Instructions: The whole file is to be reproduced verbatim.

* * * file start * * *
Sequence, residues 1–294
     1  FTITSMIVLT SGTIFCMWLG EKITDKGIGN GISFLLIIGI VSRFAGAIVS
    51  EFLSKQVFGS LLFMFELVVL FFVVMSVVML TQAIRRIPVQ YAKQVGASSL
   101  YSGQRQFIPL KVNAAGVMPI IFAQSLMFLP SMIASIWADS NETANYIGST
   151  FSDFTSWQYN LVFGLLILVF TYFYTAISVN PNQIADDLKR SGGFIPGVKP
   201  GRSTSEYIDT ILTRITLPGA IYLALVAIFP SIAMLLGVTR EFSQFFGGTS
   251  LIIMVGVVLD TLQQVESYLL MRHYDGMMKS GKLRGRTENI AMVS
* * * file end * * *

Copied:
Sequence, residues 1–294
     1  FTITSMIVLT SGTIFCMWLG EKITDKGIGN GISFLLIIGI VSRFAGAIVS
    51  EFLSKQVFGS LLFMFELVVL FFVVMSVVML TQAIRRIPVQ YAKQVGASSL
   101  YSGQRQFIPL KVNAAGVMPI IFAQSLMFLP SMIASIWADS NETANYIGST
   151  FSDFTSWQYN LVFGLLILVF TYFYTAISVN PNQIADDLKR SGGFIPGVKP
   201  GRSTSEYIDT ILTRITLPGA IYLALVAIFP SIAMLLGVTR EFSQFFGGTS
   251  LIIMVGVVLD TLQQVESYLL MRHYDGMMKS GKLRGRTENI AMVS